Seating Plans – Who Sits Where At A Wedding Reception?
One of the key markers of the formality of a wedding reception is the use of a wedding seating plan. This guides your guests to their tables, ensuring they sit in appropriate spots.
The use of a wedding seating plan avoids confusion between your guests as they search for a space to sit. It also ensures your tables are filled to their proper capacity. Without assigned seating or seating plan, people have tendencies to leave a space between them when they sit next to someone they don’t know.
Who sits where at a wedding reception
There are many ways to show guests where they will be seated, through seating charts, place cards, and escort cards. But, how do you work out who to seat at what table?
Wedding Reception Seating Etiquette – The Head Table
The head table was traditionally reserved for the newlyweds, their parents, and the best man and maid of honour. The top table is arranged from left to right, facing the guests. Maid of honor, groom’s mom, bride’s dad, the bride, the groom, the bride’s mom, the groom’s dad. Finally, the best man. In this traditional seating arrangement, the bride should always be seated to the left side of the groom.
We’ve got some alternative ideas for the head table.
Modern Wedding Head Table Seating Arrangement
The typical top table these days is centered around the wedding party. From left to right, facing the guests): groomsmen, best man, the groom, the bride, maid of honor, then the bridesmaid(s).
What is a sweetheart table?
Instead of a head table, a sweetheart table is one reserved just for the newlyweds. It’s a lovely and intimate setup where you can connect with your new spouse.
Other wedding table arrangements
Here are other table arrangements to consider depending on your setup.
Family tables. – The tables closest to the head table or sweetheart table can be reserved for the close family. The parents of both parties, the grandparents and siblings. This might need to be split into several tables depending on the size of the family.
A table for the wedding party. – Reserve a table for the bridesmaids and groomsmen to sit.
Close friends and extended family. – Have these be the next closest to the head table, after the immediate family and wedding party.
Colleagues and friends or family you’re less close to– These tables can be seated a bit further away.
A kid’s table. – Not everyone wants children at their wedding. If you do, consider seating them at a separate table. You can place kids’ activities is a great way to ensure they are entertained while the adults eat and chat.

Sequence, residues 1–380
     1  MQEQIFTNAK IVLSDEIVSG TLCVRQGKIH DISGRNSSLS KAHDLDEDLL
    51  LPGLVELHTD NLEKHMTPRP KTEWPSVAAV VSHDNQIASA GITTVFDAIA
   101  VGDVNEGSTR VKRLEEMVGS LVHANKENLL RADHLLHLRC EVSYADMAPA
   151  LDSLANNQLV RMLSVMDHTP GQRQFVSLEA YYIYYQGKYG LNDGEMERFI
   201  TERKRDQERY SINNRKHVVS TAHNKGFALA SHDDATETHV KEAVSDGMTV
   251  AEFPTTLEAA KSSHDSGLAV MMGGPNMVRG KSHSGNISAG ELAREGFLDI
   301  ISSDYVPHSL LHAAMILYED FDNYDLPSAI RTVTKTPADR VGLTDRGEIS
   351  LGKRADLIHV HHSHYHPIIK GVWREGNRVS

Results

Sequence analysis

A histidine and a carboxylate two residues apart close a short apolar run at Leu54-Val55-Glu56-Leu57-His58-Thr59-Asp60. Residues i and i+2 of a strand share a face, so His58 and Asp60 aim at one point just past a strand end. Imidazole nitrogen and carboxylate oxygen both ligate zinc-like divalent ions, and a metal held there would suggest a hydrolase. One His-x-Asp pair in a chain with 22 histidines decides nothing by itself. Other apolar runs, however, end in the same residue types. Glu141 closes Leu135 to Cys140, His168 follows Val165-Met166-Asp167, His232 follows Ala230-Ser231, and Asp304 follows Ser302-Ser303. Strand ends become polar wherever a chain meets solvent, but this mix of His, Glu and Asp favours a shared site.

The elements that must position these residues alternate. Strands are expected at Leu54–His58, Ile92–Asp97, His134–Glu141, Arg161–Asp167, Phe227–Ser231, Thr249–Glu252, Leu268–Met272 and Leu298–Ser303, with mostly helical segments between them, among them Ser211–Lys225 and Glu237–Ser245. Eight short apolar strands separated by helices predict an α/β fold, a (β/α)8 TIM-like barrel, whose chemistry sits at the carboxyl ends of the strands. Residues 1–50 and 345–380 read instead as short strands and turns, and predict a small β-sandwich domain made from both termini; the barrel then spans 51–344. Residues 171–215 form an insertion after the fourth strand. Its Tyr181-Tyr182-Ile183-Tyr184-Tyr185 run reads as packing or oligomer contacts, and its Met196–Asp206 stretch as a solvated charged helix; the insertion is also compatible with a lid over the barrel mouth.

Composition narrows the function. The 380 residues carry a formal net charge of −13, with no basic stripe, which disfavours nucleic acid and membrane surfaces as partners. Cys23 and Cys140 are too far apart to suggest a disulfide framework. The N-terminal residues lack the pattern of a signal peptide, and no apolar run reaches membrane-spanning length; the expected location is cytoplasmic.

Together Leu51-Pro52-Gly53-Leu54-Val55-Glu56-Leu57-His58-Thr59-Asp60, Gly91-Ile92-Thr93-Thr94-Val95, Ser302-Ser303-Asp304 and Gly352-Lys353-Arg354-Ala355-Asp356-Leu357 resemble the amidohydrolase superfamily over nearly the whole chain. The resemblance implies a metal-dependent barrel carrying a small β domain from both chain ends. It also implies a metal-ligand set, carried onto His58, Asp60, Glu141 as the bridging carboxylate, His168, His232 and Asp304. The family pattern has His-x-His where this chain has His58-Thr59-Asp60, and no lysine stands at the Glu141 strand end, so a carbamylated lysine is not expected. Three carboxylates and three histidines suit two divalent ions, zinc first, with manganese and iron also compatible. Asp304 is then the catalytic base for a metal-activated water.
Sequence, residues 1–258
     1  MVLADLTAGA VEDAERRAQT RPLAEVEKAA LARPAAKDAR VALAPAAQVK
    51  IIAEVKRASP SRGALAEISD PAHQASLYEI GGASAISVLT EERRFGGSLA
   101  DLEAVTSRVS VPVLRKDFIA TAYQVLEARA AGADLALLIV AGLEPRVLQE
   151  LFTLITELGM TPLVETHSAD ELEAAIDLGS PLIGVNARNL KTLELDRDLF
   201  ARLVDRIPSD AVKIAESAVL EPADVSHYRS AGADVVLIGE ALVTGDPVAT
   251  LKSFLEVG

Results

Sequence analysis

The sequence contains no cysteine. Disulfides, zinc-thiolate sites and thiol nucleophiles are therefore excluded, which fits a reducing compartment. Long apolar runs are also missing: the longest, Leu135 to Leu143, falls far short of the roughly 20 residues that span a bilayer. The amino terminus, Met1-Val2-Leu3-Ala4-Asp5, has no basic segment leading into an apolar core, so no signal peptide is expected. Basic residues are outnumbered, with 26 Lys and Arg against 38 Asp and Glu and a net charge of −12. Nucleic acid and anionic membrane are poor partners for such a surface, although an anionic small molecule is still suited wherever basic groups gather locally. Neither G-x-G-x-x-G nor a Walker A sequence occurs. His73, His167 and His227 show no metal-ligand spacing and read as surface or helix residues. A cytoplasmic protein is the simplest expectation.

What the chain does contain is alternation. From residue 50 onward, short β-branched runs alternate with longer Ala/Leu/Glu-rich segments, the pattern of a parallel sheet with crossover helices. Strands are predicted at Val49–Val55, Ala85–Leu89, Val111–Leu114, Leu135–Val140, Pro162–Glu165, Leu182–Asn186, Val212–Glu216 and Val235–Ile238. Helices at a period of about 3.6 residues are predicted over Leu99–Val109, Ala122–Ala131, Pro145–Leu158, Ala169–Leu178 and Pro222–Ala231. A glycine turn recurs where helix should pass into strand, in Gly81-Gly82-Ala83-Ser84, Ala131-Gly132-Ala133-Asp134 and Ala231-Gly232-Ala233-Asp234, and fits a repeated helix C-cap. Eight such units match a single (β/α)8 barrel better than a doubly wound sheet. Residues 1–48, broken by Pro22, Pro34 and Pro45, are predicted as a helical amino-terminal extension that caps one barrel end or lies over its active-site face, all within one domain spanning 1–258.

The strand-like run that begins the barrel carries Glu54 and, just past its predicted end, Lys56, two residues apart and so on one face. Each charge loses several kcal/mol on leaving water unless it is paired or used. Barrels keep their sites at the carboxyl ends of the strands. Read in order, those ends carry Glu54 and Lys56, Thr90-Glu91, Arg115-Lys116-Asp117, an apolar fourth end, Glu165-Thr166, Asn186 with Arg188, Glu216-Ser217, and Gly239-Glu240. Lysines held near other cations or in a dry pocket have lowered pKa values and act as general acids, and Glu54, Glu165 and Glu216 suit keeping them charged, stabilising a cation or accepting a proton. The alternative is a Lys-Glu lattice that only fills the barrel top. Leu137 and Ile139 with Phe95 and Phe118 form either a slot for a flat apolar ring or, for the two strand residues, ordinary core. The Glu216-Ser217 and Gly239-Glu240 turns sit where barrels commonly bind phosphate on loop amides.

Things to consider.
Group your wedding guests into categories of how you know them. This will help with seating them.
Your tables can be a mix of both familiar and new faces. This is for your guests so they can still feel comfortable whilst getting to know new people. It’s very likely you won’t get perfect numbers for all your tables, but don’t worry about that. Often there will be a table of people that are a bit more awkward to place than others. Just do what you can even if it’s not perfect.
People you cannot seat next to each other for whatever reasons, seat them first on your plan. That way you can just work around them.
Keep in mind accessibility needs for people who have wheelchairs or who may need the restrooms during the reception. Children may be best seated at a table further away from the head table. Tables with elderly guests might be best seated a bit further from the dance floor.
PLANNING YOUR WEDDING SEATING ARRANGEMENTS
This is a bit of wedding planning that’s difficult to delegate. Your fiance, your close family, and maybe a trusted bridesmaid just have to sit down and nut out who will sit where at the reception. Only you have the knowledge of past dramas and family feuds… and know which guests will (potentially) hit it off.
HOW TO PLAN OUT YOUR SEATING PLAN
The first thing you’ll need to do is find out the size and shape of the tables. You’ll also need the size of the room. Then you can see how many people will fit at each table and how many tables can fit in the reception room.
For the visual types and low-tech among us, draw tables onto a large sheet of paper, and use guest names written on post-it notes. This makes it easy to shift guests around and visually see the spread of guests. Then type out the assignments, ready for going into the formal Seating Plan.
A seating plan during this planning phase is a long, puzzle-like process of moving people back and forth until you find a solution that works.
You can also use software for seating charts. There are a lot of great apps and software out there for seating planning help, such as Wedding wire or Allseated.
Seating plans are one of the last big items to tick off your wedding planning list. You can’t really get a head-start on it because you’ve got to wait to get your RSVPs back before you can finalise numbers. Make it a fun process with your fiance, perhaps over a glass of wine. Don’t stress if it’s not perfect or panic if you get it wrong! At the end of the day, your guests will only be sitting with each other for a couple of hours, with food and speeches to distract them.
Seating plans – any advice?
Are you tackling your seating plan? Do you have any tips or advice that you’ve picked up?